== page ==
DIY Mobile Backup Device for Photographers

Backup anxiety syndrome is not a real medical condition, but as a photographer, you might be familiar with the main symptom all too well: the constant worry about keeping your photos safe, especially when you are traveling. So what can you do to alleviate this debilitating condition? Besides the obvious, but far from practical, solution of lugging your laptop around as a glorified backup device, you have two options: splurge on something like WD My Passport Wireless Pro or build a backup device yourself. Going with the former option seems like a no-brainer: a simple financial transaction gives you a decent, albeit expensive, backup solution. So why bother wasting time and effort on reinventing the wheel and building a DIY backup device from scratch? Because it’s neither difficult nor time-consuming.

With very little work, the Little Backup Box Bash shell script cobbled together by yours truly can transform a Raspberry Pi (or any other single-board computer running a Debian-based Linux distribution) into a fully-automatic pocketable backup device. You do need to procure a few parts like a Raspberry Pi 3 Model B, a case, a power supply, and a high-capacity USB flash drive. And if you want to build a really miniature backup box, you might want to opt for Raspberry Pi Zero and a Zero4U USB hub (in this case, you can power the finished backup box using a power bank).

Raspberry Pi Zero-based photo backup device is small enough to fit in the palm of your hand

Thanks to the accompanying installer script and instructions on the project’s website, you can deploy the Little Backup Box script on the Raspberry Pi in a matter of minutes, and the process requires no advanced technical skills. And in case you need more help, the Linux Photography book offers step-by-step instructions on building a Raspberry Pi-based backup box running Little Backup Box along with info on using the device.

In short, building a DIY photo backup device is not as difficult as it may seem. But what are its advantages compared to similar commercial products on the market? Here are a few key points to consider.

  • Small size. Using the Raspberry Pi Zero and Zero4U USB combination gives you a miniature backup device that literally fits your pocket. Even if you go with a Raspberry Pi 3 Model B, it will still be small and light enough to be called pocketable.
  • Inexpensive. A Raspberry Pi and the required parts cost only a fraction of what you’d pay for a commercial backup product.
    Replaceable battery. Most backup devices on the market feature built-in batteries, so when the battery dies, the device becomes essentially a paperweight.
  • Swappable storage. You can use as many USB flash drives with the DIY backup device as you need. Among other things, this makes it possible to take multiple backups of a single card. And if a USB flash drive is malfunctioning, you can simply replace it with another one.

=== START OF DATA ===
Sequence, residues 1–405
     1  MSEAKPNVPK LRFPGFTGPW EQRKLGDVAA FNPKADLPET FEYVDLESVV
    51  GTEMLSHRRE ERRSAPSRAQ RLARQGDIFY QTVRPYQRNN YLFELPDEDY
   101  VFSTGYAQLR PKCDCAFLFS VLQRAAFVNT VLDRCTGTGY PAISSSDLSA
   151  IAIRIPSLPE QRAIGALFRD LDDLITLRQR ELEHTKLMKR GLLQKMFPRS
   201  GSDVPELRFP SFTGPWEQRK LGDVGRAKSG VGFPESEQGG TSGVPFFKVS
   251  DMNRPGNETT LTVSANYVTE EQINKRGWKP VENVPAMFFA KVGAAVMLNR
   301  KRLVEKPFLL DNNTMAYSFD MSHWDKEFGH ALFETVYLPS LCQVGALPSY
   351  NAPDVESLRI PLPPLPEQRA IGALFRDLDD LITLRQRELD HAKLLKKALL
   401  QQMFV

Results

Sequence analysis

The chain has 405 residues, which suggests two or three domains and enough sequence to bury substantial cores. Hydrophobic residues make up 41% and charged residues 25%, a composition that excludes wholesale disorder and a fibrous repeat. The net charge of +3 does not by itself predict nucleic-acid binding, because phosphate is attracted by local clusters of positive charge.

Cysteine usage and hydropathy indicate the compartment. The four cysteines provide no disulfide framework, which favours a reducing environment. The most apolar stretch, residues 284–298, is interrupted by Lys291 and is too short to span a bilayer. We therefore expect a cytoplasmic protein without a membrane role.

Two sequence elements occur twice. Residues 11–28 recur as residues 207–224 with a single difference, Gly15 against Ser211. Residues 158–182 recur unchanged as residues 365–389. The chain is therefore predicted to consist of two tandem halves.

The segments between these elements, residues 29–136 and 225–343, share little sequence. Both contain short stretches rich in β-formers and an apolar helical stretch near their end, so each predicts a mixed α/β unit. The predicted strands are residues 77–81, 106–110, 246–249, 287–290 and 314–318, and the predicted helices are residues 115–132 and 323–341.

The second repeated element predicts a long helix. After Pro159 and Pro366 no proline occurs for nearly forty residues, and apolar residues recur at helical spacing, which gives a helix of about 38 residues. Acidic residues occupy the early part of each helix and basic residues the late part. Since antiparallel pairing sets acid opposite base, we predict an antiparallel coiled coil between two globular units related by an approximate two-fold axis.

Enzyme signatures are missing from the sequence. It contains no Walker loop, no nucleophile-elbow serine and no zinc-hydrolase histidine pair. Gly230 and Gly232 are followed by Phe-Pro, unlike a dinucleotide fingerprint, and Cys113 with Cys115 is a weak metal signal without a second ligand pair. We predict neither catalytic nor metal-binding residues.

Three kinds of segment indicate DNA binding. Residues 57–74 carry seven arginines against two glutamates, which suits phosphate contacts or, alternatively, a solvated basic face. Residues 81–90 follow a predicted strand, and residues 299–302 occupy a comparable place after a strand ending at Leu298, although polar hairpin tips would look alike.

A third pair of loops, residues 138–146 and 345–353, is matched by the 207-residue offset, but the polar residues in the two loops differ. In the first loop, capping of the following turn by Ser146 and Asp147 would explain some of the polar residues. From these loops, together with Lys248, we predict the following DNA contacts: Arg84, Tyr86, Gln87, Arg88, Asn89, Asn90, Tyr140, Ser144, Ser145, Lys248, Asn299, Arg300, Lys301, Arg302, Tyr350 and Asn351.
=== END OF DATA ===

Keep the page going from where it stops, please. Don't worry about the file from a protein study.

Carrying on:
• Repairable and upgradable. Commercial backup devices are not designed to be serviced. This means that they often can’t be upgraded and repaired. With the DIY backup box, you can upgrade individual components (e.g., upgrade to a faster Raspberry Pi model when it becomes available) as well as replace faulty parts.
  • Support for any card type. Most commercial backup products support SD cards only. The DIY backup box can handle any card type that is supported by the USB card reader you are using.
  • Back up everything. A DIY backup box copies the entire contents of the storage card: JPEG images, RAW files, videos, camera database files, etc.
  • Pre-installed and configured DLNA server. The Little Backup Box installer script installs and enables a DLNA server, so you can access backed up photos from any DLNA-compatible device.
  • It’s a Linux machine Your backup box is a little Linux machine which you can use for other tasks too. For example, you can install the [Mejiro]( web application and use the machine to publish your photos.

This is all fine and dandy, but there are also a few drawbacks you should be aware of.

  • Some assembly required. You need to put all the parts together, configure the Raspberry Pi, and install the Little Backup Box software yourself. It’s not beyond the wit of man, but it does require some technical skills and time.
  • An external USB HDD makes the setup less portable. While you can use an external hard disk instead of a USB flash drive, this would make the setup somewhat unwieldy.
  • USB 2.0 ports mean slower transfer speeds. All Raspberry Pi feature USB 2.0 ports, so backup won’t be on the slower side: not excruciatingly slow, but not blazingly fast either.

Ready to build your own photo backup device? Head to the to the Little Backup Box project’s website and get cracking.

About Me

I write about Linux and Open Source for a living. I’m an amateur photographer, and I use Linux as my photography platform. I’m the author of the Linux Photography book on setting up an automated and streamlined photographic workflow on Linux.